March 11, 2019
The Promise of Progressive Federalism: ACS’s 2019 Program Guide
Vice President of Policy and Program
Associate Director of Strategic Engagement
Every year, ACS publishes a guide for our lawyer and student chapters around the country to use in planning events. The guide offers an overview of a specific legal issue, provides resources for those seeking more in-depth analysis, and identifies experts who can serve as possible speakers. The following excerpt is from the introduction of the 2019 Program Guide: Progressive Federalism.
Nearly a century ago, Justice Brandeis, speaking of the division of power between the federal government and the states enshrined in the U.S. Constitution, famously wrote that “[i]t is one of the happy incidents of the federal system that a single courageous state may, if its citizens choose, serve as a laboratory; and try novel social and economic experiments without risk to the rest of the country.”
This notion of the states as “laboratories of democracy” is rooted in the Tenth Amendment’s directive that “[t]he powers not delegated to the United States by the Constitution, nor prohibited by it to the States, are reserved to the States respectively, or to the people.” At a time when the federal government seems single-mindedly dedicated to revanchist policies, these laboratories of democracy could offer a path toward more progressive policies in a range of areas.
Federalism’s Dark History
While the Tenth Amendment provides a potential framework for a progressive federalist agenda, too often it has been invoked to promote a vision of states’ rights that justifies some of the most horrific actions in our country’s history. Supporters of the “Lost Cause” narrative, for instance, argue that the Civil War was fought over states’ rights and not slavery. Historian Paul Finkelman, however, points out that when South Carolina seceded from the Union over states’ rights, “the specific right in question concerned the ownership of human chattel.”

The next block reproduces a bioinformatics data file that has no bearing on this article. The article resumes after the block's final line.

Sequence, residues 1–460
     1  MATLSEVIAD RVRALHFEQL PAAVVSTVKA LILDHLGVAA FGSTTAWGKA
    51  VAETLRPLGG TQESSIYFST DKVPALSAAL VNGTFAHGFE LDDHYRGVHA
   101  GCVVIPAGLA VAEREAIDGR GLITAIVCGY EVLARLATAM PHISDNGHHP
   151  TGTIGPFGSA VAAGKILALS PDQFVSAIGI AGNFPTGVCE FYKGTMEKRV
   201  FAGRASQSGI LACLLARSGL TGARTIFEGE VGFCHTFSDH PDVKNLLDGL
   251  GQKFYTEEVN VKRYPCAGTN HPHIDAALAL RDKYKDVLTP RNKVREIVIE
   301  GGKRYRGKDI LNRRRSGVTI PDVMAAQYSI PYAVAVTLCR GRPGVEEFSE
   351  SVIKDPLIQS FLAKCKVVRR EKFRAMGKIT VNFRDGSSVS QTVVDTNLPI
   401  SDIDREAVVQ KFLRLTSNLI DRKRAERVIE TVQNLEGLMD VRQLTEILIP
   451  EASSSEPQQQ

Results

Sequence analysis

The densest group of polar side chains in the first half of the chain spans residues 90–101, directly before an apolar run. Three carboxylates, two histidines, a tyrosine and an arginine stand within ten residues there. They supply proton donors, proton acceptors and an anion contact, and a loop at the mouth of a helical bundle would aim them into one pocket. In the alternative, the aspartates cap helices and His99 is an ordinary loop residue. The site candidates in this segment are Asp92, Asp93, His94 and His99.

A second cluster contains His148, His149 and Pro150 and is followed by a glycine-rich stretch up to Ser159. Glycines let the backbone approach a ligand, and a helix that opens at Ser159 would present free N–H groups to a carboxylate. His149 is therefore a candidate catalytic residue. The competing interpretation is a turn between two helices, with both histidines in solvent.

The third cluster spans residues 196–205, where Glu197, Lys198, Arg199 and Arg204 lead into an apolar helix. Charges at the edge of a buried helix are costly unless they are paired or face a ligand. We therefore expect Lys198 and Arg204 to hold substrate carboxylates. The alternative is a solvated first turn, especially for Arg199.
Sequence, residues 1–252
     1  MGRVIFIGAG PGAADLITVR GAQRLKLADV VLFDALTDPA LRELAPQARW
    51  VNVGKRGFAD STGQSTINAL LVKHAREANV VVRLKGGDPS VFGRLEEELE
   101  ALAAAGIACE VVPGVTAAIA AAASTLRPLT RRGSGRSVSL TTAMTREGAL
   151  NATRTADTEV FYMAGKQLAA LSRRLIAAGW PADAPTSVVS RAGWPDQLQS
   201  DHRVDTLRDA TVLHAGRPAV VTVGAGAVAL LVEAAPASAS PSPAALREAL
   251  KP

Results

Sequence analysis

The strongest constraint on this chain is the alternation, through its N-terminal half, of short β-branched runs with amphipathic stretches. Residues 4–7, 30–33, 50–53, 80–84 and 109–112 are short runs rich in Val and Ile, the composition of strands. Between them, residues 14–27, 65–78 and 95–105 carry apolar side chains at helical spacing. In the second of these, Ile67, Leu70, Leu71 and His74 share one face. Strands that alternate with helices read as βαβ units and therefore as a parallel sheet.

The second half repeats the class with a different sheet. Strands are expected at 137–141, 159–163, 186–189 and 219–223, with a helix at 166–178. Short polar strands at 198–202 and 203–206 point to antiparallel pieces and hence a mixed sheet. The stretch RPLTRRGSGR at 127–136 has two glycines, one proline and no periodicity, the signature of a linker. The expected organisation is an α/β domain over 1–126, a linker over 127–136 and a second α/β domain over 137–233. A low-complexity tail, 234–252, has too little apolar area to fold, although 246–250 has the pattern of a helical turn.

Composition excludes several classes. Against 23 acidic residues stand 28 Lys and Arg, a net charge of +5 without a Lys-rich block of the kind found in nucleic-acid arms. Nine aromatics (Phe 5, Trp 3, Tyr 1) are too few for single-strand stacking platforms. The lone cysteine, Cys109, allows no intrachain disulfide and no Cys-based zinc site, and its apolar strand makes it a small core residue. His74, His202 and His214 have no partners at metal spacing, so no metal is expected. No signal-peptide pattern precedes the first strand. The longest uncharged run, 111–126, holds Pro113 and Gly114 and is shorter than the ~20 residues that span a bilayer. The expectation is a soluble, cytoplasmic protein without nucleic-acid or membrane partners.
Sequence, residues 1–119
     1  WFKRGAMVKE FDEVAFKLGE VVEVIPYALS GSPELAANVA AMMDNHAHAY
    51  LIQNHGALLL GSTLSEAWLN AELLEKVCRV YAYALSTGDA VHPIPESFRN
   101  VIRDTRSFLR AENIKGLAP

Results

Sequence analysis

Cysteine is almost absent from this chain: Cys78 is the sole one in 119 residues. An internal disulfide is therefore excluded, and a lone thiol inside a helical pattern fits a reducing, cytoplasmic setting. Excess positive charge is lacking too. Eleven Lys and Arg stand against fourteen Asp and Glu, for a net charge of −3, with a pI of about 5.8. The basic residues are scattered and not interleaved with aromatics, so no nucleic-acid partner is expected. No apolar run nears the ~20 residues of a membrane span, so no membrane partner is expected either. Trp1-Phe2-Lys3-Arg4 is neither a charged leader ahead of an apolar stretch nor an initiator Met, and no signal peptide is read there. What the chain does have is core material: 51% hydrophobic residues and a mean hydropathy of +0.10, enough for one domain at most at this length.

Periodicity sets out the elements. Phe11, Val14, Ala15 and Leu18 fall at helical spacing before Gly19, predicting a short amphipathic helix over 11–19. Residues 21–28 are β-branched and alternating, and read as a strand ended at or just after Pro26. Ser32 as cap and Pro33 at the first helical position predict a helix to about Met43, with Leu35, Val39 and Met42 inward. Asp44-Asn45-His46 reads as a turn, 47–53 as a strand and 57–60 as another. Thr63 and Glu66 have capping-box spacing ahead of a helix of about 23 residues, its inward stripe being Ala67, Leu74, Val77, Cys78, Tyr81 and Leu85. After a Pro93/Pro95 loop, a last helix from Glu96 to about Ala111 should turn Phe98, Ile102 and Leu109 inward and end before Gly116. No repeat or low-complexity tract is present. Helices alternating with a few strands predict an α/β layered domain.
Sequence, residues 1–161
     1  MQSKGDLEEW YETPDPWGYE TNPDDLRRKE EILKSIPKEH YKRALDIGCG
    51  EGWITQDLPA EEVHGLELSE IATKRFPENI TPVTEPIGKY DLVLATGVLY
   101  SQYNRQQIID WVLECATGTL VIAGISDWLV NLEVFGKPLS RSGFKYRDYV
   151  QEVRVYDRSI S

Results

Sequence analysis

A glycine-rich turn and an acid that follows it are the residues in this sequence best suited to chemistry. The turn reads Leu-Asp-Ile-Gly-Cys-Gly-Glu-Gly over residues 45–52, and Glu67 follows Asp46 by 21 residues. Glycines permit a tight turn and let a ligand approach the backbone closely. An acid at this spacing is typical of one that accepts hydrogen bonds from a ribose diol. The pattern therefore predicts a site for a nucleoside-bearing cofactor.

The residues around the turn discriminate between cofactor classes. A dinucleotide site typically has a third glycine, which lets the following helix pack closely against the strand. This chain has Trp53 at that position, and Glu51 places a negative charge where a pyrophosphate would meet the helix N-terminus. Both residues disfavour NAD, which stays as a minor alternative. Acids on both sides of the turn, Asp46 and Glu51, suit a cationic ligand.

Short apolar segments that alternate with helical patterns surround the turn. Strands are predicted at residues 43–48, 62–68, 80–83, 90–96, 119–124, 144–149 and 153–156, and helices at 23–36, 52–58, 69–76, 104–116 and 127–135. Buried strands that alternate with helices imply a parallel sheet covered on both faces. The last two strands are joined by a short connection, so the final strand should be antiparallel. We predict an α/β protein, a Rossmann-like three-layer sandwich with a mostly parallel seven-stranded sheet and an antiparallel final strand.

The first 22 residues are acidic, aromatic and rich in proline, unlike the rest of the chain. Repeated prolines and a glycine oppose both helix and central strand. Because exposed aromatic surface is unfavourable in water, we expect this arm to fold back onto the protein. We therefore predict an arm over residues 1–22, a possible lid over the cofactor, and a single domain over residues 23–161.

One of the South’s main complaints was that “the northern states would not vigorously cooperate in the return of fugitive slaves...In other words, for South Carolina, slavery and states’ rights were not mutually exclusive; in fact, they were the same thing.” Nearly one hundred years after the end of the Civil War, states were still using states’ rights arguments to defend discrimination against African Americans in the form of Jim Crow laws. And only a few years ago, the Supreme Court relied on federalism and states’ rights arguments to gut the Voting Rights Act and remove a vital protection against minority voter disenfranchisement.
Federalism’s ugly past, however, does not have to be federalism’s future.
Some argue that federalism is morally neutral, has no political valence, and, in fact, can be used to further progressive policies. This can be seen in areas as diverse as state decriminalization of marijuana and state programs to expand the availability and affordability of health insurance through the Affordable Care Act. In the face of federal recalcitrance, “progressive federalism empowers democratically accountable governments to meet the needs of the people while ensuring human rights for all” in a variety of areas, including immigration, voting rights, the environment, and police accountability, all of which ACS’s 2019 Program Guide examines in more detail.
A federal government hostile to state and local progressive policies has its own powerful tool in the Supremacy Clause. Federal preemption—the idea that federal law displaces state law when the two conflict—is rooted in Article VI of the U.S. Constitution, which states, “[t]his Constitution, and the Laws of the United States which shall be made in Pursuance thereof . . . shall be the supreme Law of the Land.”